Smashed bottles on the street, rock-throwing, property damage, rampant verbal abuse — these are the terrors residents of a Kalgoorlie-Boulder neighbourhood at their wits’ end claim they face on a weekly basis.
One year ago, Boulder’s Cavalier Crescent was the kind of place where Teresa Millan was happy to let her two boys out to play.
Now with a third child on the way, Ms Millan, like most residents within eyesight of one public house on their street, fears for her own safety when she steps outside. “I have been here eight years and have never had to close my gates,” she said.
“Now at night-time I have to padlock my gates — I don’t feel I should have to do that.
“When I am here alone with the two boys, especially at (2am) in the morning, it is pretty scary them coming into my yard.”
Since February when new tenants moved in to one of the houses, neighbour Greg Ocinski says cops have responded to more than 100 call-outs.
Department of Communities regional and remote communities director-general Rachael Green said the department had disruptive behaviour procedures in place to provide clients an early opportunity to resolve tenancy issues and modify behaviour.
“The Department of Communities is acutely aware of the concerns of neighbours and has been working intensively with the client across Communities and with other agencies to resolve the situation,” she said.
“Where tenancies are at risk of failing, clients are assisted with referrals to support services and, where appropriate, are encouraged to apply for liquor restrictions. Participation in support services is voluntary, and clients must be willing to engage and modify their behaviour.
“The Disruptive Behaviour Management Strategy provides clarity for clients and the broader community regarding the consequences of continued serious and ongoing disruptive behaviour, applied though a ‘three strikes’ process.”
Ms Green said the department was considering its options after this week completing an investigation into the property in question.
“At any time we have bottles being thrown over the fence, rocks being thrown at us, vehicles being damaged or broken into,”
The department’s comments are little solace for Mr Ocinski. He shares a fence with the problem house and has a file full of complaints which he said had gone unresolved.
The situation his street has faced for 11 months, Mr Ocinski said, showed the department’s three strikes policy was not working.
“These people have ticked just about every disruptive behaviour, every dangerous behaviour box you could imagine from a neighbour other than burning the house down, and we see no action,” he said.
“We hear things are in progress, but we still have to live this every day.”
Mr Ocinski promotes Kalgoorlie-Boulder through his trike tours, but says he always worries about his house while out selling the region.
“We have group now where people log in to say when they are going down to the shop just to buy a loaf of bread or get some KFC because they are scared of leaving their houses,” he said.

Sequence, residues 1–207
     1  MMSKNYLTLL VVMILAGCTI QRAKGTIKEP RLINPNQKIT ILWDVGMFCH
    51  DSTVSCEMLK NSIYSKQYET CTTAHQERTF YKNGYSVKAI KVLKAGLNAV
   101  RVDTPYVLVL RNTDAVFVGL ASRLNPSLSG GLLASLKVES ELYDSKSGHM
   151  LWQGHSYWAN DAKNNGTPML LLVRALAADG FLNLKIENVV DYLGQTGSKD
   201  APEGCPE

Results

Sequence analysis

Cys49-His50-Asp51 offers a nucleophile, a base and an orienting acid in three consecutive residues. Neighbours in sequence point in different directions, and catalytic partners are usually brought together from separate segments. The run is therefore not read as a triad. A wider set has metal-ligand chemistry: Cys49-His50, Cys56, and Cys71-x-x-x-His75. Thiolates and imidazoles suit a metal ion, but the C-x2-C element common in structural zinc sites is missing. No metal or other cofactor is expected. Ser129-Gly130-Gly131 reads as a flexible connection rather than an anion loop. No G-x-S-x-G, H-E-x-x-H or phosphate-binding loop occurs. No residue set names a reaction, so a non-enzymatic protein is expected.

“Everybody surrounding that house is in fear of their property and of their safety.
“We are just talking about utter mayhem. At any time we have bottles being thrown over the fence, rocks being thrown at us, vehicles being damaged or broken into.”
On the other side of the house is Craig West.
He moved from Sydney last month seeking a quiet country retreat while caring for his elderly mother.
Mr West, who said he had lived in areas of Sydney notorious for “guns, stabbings and drugs”, said he had never seen anything like what he was going through now.
“It would have been day two, still moving in, and we were attacked. That was our welcome,” he said.
“The inaction taken here though, nothing happens, it just goes around and around.
“We would not have moved here if we knew it was this bad.”
Mr West’s landlord is Amanda Saxby, who bought the property with her partner as a first home 14 years ago.
“Back in 2005 we were in our early 20s and there would be kids riding up and down the street every afternoon after school,” she said.
With the current tenants seeking an early exit, Mrs Saxby now fears her investment property is unleasable.
“I feel let down as a homeowner that the department, who were aware of these disturbances, they advised the homeowners/tenants via letterbox drop ... why wasn’t I advised?” she said.
“Even our property manager ... wasn’t aware of any of this, why wasn’t she advised?
“I’ve been advised from the real estate agent that for every tenancy in the future they will have to be advised of these disturbances.
“I have been told from the real estate agent that the value of my property has decreased at least $100,000”
Ms Saxby said she had made a complaint to the department, but her case was closed after being told she could not provide evidence of the incident.
“Communities investigates all complaints of disruptive behaviour, obtaining as much information as possible, including independent verification from police, neighbours and witnesses where appropriate,” Ms Green said.
“When complaints are corroborated by evidence, strikes are issued based on the outcome of investigations and the severity of disruptive behaviour. Strikes cannot be appealed.
“When a public housing tenancy receives the maximum number of strikes under the Disruptive Behaviour Management Strategy, the department commences court action to end the tenancy.
“Any decision to evict is made by the magistrate.”
The department was unable to provide figures on the number of complaints or call-outs to the property.